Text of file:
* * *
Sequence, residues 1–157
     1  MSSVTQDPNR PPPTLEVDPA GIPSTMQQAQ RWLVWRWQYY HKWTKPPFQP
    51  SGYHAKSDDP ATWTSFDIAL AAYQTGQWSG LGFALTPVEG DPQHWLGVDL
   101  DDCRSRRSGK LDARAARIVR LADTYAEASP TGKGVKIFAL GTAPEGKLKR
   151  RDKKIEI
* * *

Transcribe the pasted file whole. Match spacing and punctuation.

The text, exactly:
Sequence, residues 1–157
     1  MSSVTQDPNR PPPTLEVDPA GIPSTMQQAQ RWLVWRWQYY HKWTKPPFQP
    51  SGYHAKSDDP ATWTSFDIAL AAYQTGQWSG LGFALTPVEG DPQHWLGVDL
   101  DDCRSRRSGK LDARAARIVR LADTYAEASP TGKGVKIFAL GTAPEGKLKR
   151  RDKKIEI